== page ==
The average time between examinations was 4.2 years for males and 4.5 years for females. Males grew 9.9 cm more in height and 6.7 kg more in weight than females. The PI of males did not differ significantly between exams, while the PI for females increased by 1.23 kg/m3. Males’ triceps skin fold thickness decreased, whereas that for females increased. Systolic and diastolic blood pressures increased similarly in both males and females. For echocardiographic measures, chamber dimensions and wall thicknesses tended to increase; however, these measurements increased in females to a smaller degree. For both sexes, shortening fraction decreased but remained within normal limits. Mass increased by 42.3 g in males and 20.5 g in females.
Tracking coefficients for anthropometric measures, blood pressure, and LVM by sex were derived. Tracking of anthropometric variables was strong in both sexes, with correlation coefficients ranging from 0.68 to 0.89 (all P<.0001). Blood pressure tracking was less strong but as significant (r=.47 to .60, P<.0001). Tracking of LVM was significant in both sexes but slightly stronger in females (0.40 for males and 0.70 for females, P<.0001). An unexpected finding was that after LVM was divided by height2.7 to adjust for growth by the method of De Simone et al,11 this ratio tracked only in females (0.56, P<.0001).
Table 3⇓ shows the results of the univariate cross-sectional correlation analyses of critical variables with LVM and LVM/HT2.7. For unadjusted LVM, age, height, and weight were the most important correlates at each examination and for change in mass regardless of sex. Systolic blood pressure was a significant correlate in females. After LVM/HT2.7, measures of ponderosity (PI, weight, and triceps skin fold thickness) at both exams were still significant determinants of mass in females and were significant at the follow-up assessment in males. Systolic blood pressure remained a significant determinant of mass in females at each examination. In multivariate cross-sectional analyses, weight was the only significant predictor of adjusted LVM for both sexes (females: parameter estimate=0.29, r2=.08, P<.02 at baseline and parameter estimate=0.47, r2=.28, P<.001 at follow-up; males: parameter estimate=0.35, r2=.11, P<.002 at follow-up). No other independent associations were encountered in this model containing age, systolic blood pressure, weight, and triceps skin fold thickness.
Longitudinal Determinants of LVM
Table 4⇓ lists the factors contributing to the acquisition of LVM in univariate longitudinal analyses. Higher age, height, weight, adiposity, and systolic and diastolic blood pressures at the time of the first examination all tended to predict higher mass at follow-up, regardless of sex (P<.05, except for triceps skin fold thickness in males [P<.1]). For LVM/HT2.7, initial weight and measures of obesity continued to be important in determining ultimate heart mass for both males and females (P<.01). Systolic blood pressure retained its influence on final LVM in females (P<.05) but failed to reach statistical significance in males, although the trend was similar.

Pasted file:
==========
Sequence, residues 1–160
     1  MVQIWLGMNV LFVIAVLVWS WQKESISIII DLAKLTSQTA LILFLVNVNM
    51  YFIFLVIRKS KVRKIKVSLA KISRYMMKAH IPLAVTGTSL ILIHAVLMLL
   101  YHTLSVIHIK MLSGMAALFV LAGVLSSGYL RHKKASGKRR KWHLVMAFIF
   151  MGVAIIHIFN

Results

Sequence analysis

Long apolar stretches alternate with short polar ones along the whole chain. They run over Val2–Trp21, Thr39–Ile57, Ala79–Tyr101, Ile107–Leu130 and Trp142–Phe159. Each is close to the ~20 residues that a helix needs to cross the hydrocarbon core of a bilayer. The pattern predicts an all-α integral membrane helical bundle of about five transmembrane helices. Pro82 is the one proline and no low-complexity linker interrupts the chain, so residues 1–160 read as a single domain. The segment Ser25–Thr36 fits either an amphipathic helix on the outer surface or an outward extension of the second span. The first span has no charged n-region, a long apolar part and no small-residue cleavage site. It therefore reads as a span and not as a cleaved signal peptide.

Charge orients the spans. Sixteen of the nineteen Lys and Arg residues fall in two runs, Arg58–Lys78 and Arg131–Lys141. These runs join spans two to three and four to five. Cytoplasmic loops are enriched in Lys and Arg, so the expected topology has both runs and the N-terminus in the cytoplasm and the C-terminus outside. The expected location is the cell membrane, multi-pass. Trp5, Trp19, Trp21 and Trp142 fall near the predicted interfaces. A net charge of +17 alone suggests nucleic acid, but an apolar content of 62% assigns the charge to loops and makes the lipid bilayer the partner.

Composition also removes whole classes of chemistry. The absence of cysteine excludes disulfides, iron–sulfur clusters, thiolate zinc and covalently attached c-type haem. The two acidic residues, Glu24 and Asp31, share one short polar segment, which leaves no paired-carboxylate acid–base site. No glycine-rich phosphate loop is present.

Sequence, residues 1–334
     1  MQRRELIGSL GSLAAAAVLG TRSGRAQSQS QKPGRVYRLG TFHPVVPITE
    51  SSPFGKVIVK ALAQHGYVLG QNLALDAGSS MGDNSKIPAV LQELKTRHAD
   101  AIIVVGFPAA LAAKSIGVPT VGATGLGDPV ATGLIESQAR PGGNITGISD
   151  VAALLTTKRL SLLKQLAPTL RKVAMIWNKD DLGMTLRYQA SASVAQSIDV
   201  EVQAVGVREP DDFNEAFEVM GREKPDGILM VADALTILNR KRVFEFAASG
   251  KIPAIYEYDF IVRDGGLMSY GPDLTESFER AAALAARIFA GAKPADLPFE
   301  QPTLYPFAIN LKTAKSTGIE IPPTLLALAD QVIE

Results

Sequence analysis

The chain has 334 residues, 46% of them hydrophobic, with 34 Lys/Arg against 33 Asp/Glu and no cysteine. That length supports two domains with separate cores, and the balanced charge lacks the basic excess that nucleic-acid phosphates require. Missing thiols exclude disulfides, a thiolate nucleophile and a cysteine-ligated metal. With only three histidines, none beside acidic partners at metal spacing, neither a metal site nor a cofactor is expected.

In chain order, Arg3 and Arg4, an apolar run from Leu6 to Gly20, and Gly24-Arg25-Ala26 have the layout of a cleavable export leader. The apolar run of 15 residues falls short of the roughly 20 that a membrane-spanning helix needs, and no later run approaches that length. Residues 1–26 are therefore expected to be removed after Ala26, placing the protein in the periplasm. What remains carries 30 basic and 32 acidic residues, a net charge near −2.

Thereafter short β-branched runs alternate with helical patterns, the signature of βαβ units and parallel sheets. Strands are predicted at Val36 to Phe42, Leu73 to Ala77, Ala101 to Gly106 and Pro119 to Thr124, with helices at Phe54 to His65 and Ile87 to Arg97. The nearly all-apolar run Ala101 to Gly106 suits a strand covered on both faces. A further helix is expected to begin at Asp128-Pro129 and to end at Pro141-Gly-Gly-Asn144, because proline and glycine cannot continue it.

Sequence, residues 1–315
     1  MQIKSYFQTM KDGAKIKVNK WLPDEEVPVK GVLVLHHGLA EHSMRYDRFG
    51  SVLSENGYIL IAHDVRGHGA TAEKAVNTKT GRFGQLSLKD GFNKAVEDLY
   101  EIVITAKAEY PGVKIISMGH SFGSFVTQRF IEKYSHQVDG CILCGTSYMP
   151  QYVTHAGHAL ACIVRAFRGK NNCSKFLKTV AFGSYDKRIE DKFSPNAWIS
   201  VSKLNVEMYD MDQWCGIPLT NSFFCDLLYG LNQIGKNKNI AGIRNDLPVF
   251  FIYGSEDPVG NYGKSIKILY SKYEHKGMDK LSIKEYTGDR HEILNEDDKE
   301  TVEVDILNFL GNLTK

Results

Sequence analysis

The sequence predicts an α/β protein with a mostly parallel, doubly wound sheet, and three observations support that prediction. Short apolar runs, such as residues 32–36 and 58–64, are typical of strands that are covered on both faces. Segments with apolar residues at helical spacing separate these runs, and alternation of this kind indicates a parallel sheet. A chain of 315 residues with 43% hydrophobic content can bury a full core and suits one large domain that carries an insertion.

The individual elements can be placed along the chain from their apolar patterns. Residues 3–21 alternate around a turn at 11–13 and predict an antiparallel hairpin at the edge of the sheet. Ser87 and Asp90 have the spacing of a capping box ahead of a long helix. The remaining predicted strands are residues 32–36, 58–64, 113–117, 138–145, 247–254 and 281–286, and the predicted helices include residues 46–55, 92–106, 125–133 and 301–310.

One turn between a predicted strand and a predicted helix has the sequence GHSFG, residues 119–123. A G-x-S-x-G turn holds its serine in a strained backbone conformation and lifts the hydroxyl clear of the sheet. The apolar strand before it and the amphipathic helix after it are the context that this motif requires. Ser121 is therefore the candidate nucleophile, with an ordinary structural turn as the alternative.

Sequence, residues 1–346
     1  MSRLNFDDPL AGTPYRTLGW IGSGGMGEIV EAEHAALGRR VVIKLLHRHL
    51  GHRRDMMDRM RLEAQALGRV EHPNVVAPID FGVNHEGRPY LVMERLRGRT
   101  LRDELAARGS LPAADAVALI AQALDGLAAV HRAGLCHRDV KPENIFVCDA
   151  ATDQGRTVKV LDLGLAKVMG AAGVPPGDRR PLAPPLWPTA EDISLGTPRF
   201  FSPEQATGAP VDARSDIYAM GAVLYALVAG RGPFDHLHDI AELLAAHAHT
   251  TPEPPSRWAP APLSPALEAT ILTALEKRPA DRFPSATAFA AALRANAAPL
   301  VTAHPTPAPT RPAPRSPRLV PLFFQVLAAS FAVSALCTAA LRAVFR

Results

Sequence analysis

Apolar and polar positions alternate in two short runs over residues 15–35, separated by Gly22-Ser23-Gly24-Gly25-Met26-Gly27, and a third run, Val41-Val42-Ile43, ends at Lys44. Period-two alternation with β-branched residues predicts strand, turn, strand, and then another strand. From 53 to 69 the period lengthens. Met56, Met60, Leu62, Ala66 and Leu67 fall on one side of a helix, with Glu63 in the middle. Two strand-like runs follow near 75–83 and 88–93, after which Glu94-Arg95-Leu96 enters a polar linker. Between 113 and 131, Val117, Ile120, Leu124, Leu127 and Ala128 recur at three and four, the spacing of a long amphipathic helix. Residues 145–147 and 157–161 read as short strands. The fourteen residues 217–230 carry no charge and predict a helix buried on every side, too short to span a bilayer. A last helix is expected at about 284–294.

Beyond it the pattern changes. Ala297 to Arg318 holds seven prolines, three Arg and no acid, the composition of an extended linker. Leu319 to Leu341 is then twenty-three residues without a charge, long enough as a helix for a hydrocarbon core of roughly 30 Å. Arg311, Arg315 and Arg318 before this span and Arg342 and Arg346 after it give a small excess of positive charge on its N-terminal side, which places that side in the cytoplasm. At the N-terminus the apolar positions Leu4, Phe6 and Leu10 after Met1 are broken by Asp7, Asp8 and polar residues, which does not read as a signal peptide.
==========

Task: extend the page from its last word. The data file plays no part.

Stepwise multivariate regression was performed to look at determinants of follow-up LVM. Independent variables included baseline measures of age, weight, triceps skin fold thickness, systolic blood pressure, and LVM and change in weight (Table 5⇓). Only baseline weight was a significant factor in determining final raw and adjusted LVM consistently across sexes. In females, baseline LVM was also important in the prediction. Change in weight had a small influence on raw LVM but was not significant for corrected LVM/HT2.7. In males, baseline triceps skin fold thickness was an independent correlate in the model for LVM/HT2.7. Systolic blood pressure was not significant in any of the models.
Longitudinal Effect of Baseline LVM
The final derived longitudinal correlation coefficients explored the strength of baseline mass as a predictor of final anthropometric and blood pressure values (Table 6⇓). Individuals with higher initial LVM were more likely to become taller and heavier and have higher systolic blood pressure (P<.05). Females were likely to become more obese with higher PI and triceps skin fold thickness (P<.0001). Higher LVM/HT2.7 at baseline was predictive only of higher weight, PI, and triceps skin fold thickness in females (P<.05). Increased initial LVM/HT2.7 did show a trend toward prediction of higher follow-up systolic blood pressure in both sexes and reached significance in females (P<.05).
In multivariate analysis (Table 7⇓), the strongest predictor of follow-up systolic blood pressure was baseline systolic blood pressure in both sexes. In females, change in weight exerted a weak effect. Systolic blood pressure at baseline and change in pressure were then removed from the model because of the strong effect. In the repeated analysis, age at first examination became important in males, and initial LVM and change in triceps skin fold thickness were predictive of follow-up systolic blood pressure in females.